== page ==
Assessing the Sampling Quality of a Low-Tech Low-Budget Volume-Based Rainfall Sampler for Stable Isotope Analysis
Peer reviewed, Journal article
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- Geophysical Institute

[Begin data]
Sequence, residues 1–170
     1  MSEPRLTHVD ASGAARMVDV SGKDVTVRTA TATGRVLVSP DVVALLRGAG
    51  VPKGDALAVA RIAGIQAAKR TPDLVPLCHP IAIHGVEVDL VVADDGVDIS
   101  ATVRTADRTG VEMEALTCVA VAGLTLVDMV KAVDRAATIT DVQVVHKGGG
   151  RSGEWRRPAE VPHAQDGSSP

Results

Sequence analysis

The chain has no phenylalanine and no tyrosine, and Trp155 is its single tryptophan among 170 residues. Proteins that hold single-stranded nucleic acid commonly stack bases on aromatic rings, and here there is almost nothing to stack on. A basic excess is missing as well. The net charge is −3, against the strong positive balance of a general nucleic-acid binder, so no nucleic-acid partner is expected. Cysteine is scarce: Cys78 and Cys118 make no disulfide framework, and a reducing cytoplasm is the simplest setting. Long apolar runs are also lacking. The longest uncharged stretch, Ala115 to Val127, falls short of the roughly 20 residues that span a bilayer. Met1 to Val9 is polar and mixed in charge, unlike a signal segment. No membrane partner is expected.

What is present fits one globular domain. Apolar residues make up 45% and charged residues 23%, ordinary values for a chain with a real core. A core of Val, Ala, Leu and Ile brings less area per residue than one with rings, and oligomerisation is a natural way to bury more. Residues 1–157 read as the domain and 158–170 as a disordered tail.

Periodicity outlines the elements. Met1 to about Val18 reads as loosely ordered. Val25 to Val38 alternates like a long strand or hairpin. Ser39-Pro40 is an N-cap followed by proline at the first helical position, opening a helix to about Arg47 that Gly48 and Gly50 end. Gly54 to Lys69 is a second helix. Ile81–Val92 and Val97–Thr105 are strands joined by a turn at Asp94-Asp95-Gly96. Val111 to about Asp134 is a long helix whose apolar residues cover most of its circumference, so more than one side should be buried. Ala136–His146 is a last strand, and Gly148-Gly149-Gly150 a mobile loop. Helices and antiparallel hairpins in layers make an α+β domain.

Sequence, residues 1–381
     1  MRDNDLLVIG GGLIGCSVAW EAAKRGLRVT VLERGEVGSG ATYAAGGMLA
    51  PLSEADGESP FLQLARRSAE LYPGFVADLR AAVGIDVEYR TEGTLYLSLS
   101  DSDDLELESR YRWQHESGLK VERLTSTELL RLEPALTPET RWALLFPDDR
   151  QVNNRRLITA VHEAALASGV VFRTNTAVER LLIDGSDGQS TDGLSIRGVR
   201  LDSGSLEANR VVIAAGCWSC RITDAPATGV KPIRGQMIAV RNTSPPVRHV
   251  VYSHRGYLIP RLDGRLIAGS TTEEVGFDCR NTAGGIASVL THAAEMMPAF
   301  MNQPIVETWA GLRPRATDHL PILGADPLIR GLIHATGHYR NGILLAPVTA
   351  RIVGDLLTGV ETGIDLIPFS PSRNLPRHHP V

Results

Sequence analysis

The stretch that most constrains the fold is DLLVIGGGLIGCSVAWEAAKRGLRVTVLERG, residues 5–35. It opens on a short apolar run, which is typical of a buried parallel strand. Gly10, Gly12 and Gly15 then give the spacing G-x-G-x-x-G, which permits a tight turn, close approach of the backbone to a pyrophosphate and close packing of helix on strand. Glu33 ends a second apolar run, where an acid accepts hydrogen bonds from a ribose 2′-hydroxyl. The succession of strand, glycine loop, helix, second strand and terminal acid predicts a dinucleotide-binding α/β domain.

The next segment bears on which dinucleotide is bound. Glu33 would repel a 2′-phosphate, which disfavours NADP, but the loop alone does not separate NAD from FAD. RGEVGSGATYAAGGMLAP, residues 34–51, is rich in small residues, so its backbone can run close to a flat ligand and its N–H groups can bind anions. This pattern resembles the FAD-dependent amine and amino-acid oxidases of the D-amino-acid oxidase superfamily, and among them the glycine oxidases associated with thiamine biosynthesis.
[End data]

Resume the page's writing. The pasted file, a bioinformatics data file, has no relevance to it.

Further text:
To better understand the small-scale variability of rainfall and its isotopic composition it is advantageous to utilize rain samplers which are at the same time low-cost, low-tech, robust, and precise with respect to the collected rainwater isotopic composition. We assessed whether a self-built version of the Kennedy sampler is able to collect rainwater consistently without mixing with antecedent collected water. We called the self-built sampler made from honey jars and silicon tubing the Zurich sequential sampler. Two laboratory experiments show that high rainfall intensities can be sampled and that the volume of water in a water sample originating from a different bottle was generally less than 1 ml. Rainwater was collected in 5 mm increments for stable isotope analysis using three (year 2011) and five (years 2015 and 2016) rain samplers in Zurich (Switzerland) during eleven rainfall events. The standard deviation of the total rainfall amounts between the different rain gauges was <1%. The standard deviation of δ18O and δ2H among the different sequential sampler bottles filled at the same time was generally <0.3‰ for δ18O and <2‰ for δ2H (8 out of 11 events). Larger standard deviations could be explained by leaking bottle(s) with subsequent mixing of water with different isotopic composition of at least one out of the five samplers. Our assessment shows that low-cost, low-tech rain samplers, when well maintained, can be used to collect sequential samples of rainfall for stable isotope analysis and are therefore suitable to study the spatio-temporal variability of the isotopic composition of rainfall.